The crowd became a bit fidgety. "I reckon you need to help them here. In fact, as the paid IT experts I reckon it's your job. You need to evaluate the portfolio, match the requests to available resources (people/skills and money are the main but not only resources to consider) and present a well researched rationale and executable portfolio for them to consider."
This scenario, or ones very similar to it play out all the time in large organisations. IT is perceived as being unresponsive and slow to deliver, and it's true, they are.
On the other hand IT often feel victimised as what they have been asked to do is in many instances impractical. Both views are right and governance doesn't work.
So what to do? I believe the answer to getting governance to work properly for organisations is to reinterpret the classic governance RASCI to being RAFCI (for a background on RASCI and similar frameworks look here).
The difference? Replacing the classic IT role of support for the governance process to 'facilitate the governance process'. Playing with words? Yes, but for a reason.
Too often, IT teams see their support role in governance as being passive, that is, they do what they have been asked to do. The result, some variation of the above, governance that doesn't work.
If you want IT governance that works IT need to actively facilitate the process. It's nearly impossible to facilitate passively. As the facilitator, your role is to ensure an effective process, not to assume responsibility for decisions. In other words, you need to make it easy for the executive team to prioritise.
So how do you facilitate governance? In the end it comes back to collaborative conversationsacross the business. Collaborative conversations that you lead - when I say 'lead', I mean facilitate rather than drive and decide.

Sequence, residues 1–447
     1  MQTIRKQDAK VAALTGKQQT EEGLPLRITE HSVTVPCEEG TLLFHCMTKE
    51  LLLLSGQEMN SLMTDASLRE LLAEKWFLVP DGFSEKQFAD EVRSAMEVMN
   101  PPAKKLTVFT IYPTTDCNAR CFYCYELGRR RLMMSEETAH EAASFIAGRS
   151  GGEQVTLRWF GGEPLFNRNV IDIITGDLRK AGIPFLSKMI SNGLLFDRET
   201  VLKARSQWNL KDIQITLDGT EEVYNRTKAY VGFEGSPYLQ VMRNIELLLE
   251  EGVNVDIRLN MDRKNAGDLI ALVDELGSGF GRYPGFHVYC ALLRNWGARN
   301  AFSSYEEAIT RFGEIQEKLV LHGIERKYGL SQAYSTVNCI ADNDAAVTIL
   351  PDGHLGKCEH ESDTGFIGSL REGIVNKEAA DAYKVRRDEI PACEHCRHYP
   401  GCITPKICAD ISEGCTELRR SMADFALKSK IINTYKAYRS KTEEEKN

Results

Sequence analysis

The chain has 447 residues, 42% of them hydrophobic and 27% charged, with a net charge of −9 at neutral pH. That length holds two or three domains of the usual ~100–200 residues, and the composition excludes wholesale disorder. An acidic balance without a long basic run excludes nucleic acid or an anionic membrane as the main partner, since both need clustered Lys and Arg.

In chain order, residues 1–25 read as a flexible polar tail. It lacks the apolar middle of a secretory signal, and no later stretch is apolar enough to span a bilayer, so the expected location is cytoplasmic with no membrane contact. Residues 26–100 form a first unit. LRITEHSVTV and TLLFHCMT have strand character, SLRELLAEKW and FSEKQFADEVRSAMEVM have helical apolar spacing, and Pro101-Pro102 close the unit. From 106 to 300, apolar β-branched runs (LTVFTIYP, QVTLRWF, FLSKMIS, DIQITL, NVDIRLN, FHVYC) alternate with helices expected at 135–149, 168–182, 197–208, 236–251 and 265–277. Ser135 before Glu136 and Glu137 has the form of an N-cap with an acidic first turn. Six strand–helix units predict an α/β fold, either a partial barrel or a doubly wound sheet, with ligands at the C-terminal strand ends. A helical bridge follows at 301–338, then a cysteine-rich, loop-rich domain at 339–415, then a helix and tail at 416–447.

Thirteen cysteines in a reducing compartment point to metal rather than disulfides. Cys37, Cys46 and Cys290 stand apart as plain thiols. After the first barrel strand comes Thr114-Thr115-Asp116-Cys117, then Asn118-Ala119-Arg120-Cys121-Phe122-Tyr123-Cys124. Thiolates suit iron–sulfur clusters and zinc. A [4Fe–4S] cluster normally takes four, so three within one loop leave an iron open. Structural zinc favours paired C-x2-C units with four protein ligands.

Consider the following process for structuring your conversation:
Understand individual priorities by department / team across the business
● Compile all priorities into one list of all requests
● Match requests to available resources and create a proposed portfolio including likely timing for executing the requests (now, next, later)
● Socialise the proposal to key influencers and adjust as needed based on their feedback
● Present the proposal highlighting any conflicts and tradeoffs.
● Record and action decisions.
● Execute based on the agreed decisions.
● Repeat the process and update accordingly.
This looks like a fairly simple process and it is, however it takes time and it requires a focus on conversations and understanding and reflecting both individual and organisational needs. Done well, the process works.
Better yet, the socialisation process almost always resolves timing conflicts without need for escalation to the overall governance body. I have used this process for years and in doing this I have only had one major priority conflict that couldn't be resolved with peer-to-peer discussion.
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